In its sixth generation, the lineup changed considerably. the cars got a little bigger and was restyled again, but for enthusiast the biggest news —and the disappearance of the Si hatchback. If you wanted a Civic, you were limited to the del which was not a part of the latest and was discontinued after ’97.

For there were only two offered—a base CX and a mid-level DX. The model mix was unchanged. The coupe included a new HX (high-mileage) model in to the DX and EX models.

The CX and DX hatchbacks, DX coupe, and DX and LX were all powered by a new 1.6L producing 106 hp. The EX coupes and sedans a 127hp VTEC motor, the HX was powered by a new version of the VTEC-E (E for engine. Later in the model it was available with a continuously transmission.

There were very few to the Civics in 1997 and 1998, but proved to be huge. The Si returned. planted the DOHC, 160hp engine (last seen in the del Sol VTEC) in a coupe and gave it a suspension, bigger tires, and body pieces.

No other were made to the Civic until the seventh-generation was unveiled.

Gen 7:

The current generation of Civics is far from those that before it. The styling is all-new, and the car’s overall size changed this time, it significantly more interior says Honda. One of the ways gained that cabin was to replace the double-wishbone front with MacPherson struts. sound you hear is all the aftermarket companies going back to drawing boards.) The engines are all-new and from a completely engine family.

The 1.7L, engines in DX and LX coupes and sedans 115 hp, while the 1.7L VTEC in EX coupes and sedans put out 127 hp. The high-mileage HX is fitted with a lean-burn 1.7 produces 117 hp while achieving 40 mph on the There is also a Civic GX, is equipped with a version of the 1.7 burns natural gas.

For Honda introduced the Civic a four-door sedan fitted a gasoline/electric drivetrain that 50 mpg on the highway.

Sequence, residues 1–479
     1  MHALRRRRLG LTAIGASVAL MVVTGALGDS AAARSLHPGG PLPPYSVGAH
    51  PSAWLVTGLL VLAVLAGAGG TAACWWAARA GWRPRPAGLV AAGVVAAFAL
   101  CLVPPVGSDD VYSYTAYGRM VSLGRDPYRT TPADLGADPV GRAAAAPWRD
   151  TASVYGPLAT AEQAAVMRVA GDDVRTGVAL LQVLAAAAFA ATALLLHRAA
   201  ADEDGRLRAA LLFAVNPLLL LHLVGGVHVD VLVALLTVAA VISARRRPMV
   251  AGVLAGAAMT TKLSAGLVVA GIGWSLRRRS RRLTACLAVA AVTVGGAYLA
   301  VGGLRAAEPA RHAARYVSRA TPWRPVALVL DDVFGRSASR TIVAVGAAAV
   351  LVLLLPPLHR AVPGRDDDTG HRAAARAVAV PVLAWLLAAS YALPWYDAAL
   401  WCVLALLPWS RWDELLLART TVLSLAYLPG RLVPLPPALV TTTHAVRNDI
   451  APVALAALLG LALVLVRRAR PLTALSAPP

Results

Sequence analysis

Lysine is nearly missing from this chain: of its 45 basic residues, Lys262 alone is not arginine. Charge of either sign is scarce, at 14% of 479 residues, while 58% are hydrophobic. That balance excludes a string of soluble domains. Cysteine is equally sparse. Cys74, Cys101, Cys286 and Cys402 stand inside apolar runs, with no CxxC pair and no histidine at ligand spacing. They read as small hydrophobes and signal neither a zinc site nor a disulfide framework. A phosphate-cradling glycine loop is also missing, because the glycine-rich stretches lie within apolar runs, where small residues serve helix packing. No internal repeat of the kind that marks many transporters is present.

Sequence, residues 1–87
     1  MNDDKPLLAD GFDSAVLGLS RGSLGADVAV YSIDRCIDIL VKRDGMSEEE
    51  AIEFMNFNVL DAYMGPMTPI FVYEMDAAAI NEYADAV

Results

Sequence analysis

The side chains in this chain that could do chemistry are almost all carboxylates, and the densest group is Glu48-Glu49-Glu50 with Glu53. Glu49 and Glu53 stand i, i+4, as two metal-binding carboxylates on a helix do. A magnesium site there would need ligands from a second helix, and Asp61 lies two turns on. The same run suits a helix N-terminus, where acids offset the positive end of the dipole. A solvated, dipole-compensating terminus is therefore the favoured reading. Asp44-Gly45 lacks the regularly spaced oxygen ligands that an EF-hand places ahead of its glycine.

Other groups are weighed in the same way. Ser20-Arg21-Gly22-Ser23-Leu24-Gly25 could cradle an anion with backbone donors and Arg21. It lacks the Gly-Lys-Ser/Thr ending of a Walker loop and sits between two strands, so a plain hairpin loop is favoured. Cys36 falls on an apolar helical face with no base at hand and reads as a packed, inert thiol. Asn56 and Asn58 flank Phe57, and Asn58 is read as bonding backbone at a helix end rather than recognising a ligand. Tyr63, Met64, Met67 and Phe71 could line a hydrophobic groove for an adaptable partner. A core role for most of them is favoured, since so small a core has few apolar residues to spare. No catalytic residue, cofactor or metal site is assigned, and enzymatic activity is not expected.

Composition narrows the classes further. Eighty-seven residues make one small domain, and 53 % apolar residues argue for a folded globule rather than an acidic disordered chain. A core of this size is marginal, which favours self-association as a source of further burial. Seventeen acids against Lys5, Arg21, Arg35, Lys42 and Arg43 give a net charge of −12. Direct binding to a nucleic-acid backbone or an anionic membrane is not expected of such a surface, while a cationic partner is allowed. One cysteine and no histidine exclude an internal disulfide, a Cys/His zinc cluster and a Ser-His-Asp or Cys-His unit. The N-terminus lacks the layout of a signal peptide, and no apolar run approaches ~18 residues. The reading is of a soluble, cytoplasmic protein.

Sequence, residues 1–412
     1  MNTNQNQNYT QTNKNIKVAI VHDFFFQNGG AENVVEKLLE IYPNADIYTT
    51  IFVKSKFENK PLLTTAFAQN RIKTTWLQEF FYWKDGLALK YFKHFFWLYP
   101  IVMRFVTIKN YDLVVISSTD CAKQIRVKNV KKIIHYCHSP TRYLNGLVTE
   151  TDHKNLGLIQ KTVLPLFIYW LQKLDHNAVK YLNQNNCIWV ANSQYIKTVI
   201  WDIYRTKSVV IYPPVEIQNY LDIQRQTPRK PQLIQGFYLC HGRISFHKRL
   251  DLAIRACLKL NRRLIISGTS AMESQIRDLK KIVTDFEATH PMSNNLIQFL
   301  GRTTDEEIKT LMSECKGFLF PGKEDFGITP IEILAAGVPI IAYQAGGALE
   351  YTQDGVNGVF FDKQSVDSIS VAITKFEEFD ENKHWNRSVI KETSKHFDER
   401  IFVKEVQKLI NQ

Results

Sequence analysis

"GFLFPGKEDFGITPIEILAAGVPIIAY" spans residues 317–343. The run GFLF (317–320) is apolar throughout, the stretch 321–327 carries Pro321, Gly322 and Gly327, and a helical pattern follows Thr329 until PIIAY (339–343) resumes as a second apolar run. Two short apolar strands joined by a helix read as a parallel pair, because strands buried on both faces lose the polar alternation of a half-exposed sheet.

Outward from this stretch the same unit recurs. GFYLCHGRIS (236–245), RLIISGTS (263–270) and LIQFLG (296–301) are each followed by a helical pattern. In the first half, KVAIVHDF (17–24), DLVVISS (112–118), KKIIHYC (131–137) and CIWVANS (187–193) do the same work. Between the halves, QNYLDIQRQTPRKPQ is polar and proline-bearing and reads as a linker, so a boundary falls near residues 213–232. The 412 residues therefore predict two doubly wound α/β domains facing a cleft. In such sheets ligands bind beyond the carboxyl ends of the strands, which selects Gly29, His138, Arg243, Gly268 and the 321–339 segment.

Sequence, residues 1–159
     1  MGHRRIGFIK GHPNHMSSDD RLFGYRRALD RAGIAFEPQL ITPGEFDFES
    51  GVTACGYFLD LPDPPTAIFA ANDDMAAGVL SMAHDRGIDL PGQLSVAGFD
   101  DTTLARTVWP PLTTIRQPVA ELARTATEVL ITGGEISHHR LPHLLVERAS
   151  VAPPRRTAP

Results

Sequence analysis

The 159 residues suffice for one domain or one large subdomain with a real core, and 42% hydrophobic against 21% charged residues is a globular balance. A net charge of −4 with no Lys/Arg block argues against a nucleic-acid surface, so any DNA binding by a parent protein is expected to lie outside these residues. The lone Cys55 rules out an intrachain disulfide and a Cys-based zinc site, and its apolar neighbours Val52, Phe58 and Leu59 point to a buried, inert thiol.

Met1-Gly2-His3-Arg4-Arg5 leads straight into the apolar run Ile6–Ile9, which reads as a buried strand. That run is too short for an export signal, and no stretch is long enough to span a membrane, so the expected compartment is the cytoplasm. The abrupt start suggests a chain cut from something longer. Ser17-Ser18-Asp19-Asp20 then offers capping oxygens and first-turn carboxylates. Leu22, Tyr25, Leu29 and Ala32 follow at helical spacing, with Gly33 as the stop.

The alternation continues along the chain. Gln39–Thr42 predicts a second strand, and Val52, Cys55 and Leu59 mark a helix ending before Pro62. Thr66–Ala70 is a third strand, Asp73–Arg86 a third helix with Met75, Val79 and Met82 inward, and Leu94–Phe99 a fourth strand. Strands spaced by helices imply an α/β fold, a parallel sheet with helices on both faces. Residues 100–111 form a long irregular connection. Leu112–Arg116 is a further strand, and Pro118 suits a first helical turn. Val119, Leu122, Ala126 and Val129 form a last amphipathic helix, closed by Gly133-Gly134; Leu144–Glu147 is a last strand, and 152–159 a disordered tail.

The Hot One

Quick, what’s from that Gen 7 lineup? You it: the Si. We had to wait until ’02 Honda issued an Si on the seventh-generation It arrived in an all-new (and zoomy) hatchback body that, at least for now, be offered in the U.S. only as an Si.

Under the hood is an all-new a 2.0L, DOHC mill the latest generation of VTEC called i-VTEC. It makes 160 hp and 130 of torque and is mated to a close-ratio gearbox. The base price for the Si hatchback is $19,000, which is a tad higher than the three-door Focus SVT but a bit lower than the price for Dodge’s new Neon sedan. Sounds like a horse race to us.

We can’t to get our hands on all three and see which one is the best 21st century hot

Here’s where it all began: The generation Civic (this is a imported to the U.S. They small and had tiny engines, but were fun to drive back in the Note that what like small, amber fog mounted in the grille are actually indicators.

In 1978 they moved under the bumper.

Honda Civic Hybrid (3rd gen)
Honda Civic Hybrid (3rd gen)
Honda Civic Hybrid (3rd gen)
Honda Civic Hybrid (3rd gen)
Honda Civic Hybrid (3rd gen)
Honda Civic Hybrid (3rd gen)